Supply Chain Strategy Doesn’t Deliver

by: Mike Valentine

Executive Summary

The past decade has seen a popular strategy among mid-sized to large logistics service providers. Many providers pursued a common strategy of expanding logistics capabilities across the supply chain spectrum.  Providing end-to-end supply chain services was seen as the next frontier for growth.  Corporate strategists chose this approach based on the idea of selling integrated solutions.  The underpinning premise stipulated that integrated solutions, those that address and link adjacent segments of the supply chain, could be sold bundled to create a lowered cost of sales for customer acquisition and penetration.

After more than a decade, the strategy has failed to deliver.  Companies pursuing the end-to-end strategy have not lowered the cost of sales nor achieved above-market revenue growth.  This article will investigate the suppositions on which the strategy was built, the realities encountered, and the applicability of learnings to future strategies.

Strategy Assumptions

Logistics service providers came into the 21st century riding a wave of growth provided by the surge in outsourcing.  Outsourcing in this period was mainly driven by two business trends.  The first trend arose from the evolution of companies looking to further lower their cost structures through outsourcing warehousing and transportation management activities previously run in-house by company personnel.  Secondly, the services already outsourced to logistics providers, namely international freight and ground transportation, were seeing a rise in overall global volumes fueled by manufacturers and shippers flocking to low-cost country sourcing.  These business trends contributed to overall growth in the logistics market, lifting the fortunes of all players.  However, as these trends reached their natural saturation point in the mid-2000s, logistics providers searched about for the next phase of growth.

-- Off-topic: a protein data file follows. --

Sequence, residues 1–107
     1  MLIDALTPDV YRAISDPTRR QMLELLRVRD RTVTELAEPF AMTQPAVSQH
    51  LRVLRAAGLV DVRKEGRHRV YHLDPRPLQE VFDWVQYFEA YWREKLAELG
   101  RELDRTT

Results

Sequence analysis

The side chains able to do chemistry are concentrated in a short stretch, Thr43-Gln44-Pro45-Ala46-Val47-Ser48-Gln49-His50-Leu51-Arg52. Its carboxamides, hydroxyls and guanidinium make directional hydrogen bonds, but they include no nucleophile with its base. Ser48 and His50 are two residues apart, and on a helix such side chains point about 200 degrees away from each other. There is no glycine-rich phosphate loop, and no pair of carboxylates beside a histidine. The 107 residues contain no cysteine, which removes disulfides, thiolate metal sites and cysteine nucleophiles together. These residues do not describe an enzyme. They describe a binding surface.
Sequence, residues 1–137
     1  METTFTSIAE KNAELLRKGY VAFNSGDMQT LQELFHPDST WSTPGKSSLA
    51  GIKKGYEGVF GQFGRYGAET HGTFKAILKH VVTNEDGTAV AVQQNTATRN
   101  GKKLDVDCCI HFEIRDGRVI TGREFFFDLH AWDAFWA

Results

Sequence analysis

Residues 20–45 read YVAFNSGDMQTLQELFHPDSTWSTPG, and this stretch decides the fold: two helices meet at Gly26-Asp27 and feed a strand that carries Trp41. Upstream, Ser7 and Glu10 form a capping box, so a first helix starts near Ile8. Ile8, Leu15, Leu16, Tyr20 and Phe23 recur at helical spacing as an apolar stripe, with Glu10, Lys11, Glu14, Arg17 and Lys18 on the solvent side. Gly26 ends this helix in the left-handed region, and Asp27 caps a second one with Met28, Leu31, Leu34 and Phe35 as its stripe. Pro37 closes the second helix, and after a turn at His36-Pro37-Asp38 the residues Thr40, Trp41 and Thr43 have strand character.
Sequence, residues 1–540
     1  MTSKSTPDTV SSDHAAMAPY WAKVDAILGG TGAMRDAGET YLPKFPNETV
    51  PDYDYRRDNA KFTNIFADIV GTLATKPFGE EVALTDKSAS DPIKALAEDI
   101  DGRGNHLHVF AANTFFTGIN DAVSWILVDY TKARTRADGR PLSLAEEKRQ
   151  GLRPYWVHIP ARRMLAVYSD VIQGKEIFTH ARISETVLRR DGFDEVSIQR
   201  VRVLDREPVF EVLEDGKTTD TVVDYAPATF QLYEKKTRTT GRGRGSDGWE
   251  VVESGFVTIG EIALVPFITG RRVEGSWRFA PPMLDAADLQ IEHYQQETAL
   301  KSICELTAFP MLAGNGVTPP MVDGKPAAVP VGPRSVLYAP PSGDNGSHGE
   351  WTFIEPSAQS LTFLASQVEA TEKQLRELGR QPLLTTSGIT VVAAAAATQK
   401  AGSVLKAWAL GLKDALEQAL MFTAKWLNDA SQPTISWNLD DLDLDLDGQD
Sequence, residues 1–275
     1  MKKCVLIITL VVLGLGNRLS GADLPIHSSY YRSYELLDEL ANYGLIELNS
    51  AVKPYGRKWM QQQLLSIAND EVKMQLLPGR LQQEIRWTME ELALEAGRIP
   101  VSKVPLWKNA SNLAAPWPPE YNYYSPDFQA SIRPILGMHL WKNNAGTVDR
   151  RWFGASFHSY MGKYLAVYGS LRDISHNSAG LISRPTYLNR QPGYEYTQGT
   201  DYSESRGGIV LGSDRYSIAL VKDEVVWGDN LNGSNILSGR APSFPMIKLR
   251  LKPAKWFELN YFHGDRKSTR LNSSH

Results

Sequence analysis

A common strategy was struck upon, providing services that stretched end-to-end across the supply chain.  By offering all services on the supply chain menu, the reasoning went, would enable more ways to penetrate existing customers as well as acquire new ones.   Selling integrated solutions consisting of multiple services bundled together would increase the size of individual deals, thus achieve a lowered cost of sales and accelerate revenue growth.

With the newly-minted strategy in place, logistics companies began executing a strategy to string together services across the supply chain; from international freight to warehousing to road transportation.  This triggered a wave of acquisitions and was a primary cause of consolidation in the industry.   Companies scrambled to acquire specific services in the supply chain they lacked in either capability or scale.  Examples include DHL acquiring Exel, C.H. Robinson buying Phoenix International, UTi acquiring Standard Logistics and several ground transportation companies, Geodis purchasing OHL, Kintetsu acquiring APL Logistics, and XPO Logistics buying New Breed, Pacer, Con-Way, and multiple ground transportation firms. 

Curiously, some CEOs publicly attributed the acquisition trend to market pressures from customers demanding integrated solutions.  Nonetheless, most logistics providers that pursued the strategy were indeed able to go to market with integrated solutions for sale.  Some companies integrated the acquired services, others kept them operationally independent.  Some kept their sales teams separated by service, others invested in cross-training each salesperson to sell all services.  Regardless of approach to internal integration, they were all ready to unleash the combined salesforce upon customers with the shiny new object; integrated solutions.

Where the Strategy Fails

With the strategy firmly in place, logistics service providers have been offering integrated solutions for over a decade.  They have been selling integrated solutions to customers in all industries.  The results have fallen short of the expectations for being a gateway to lowered cost of sales and accelerated revenue growth.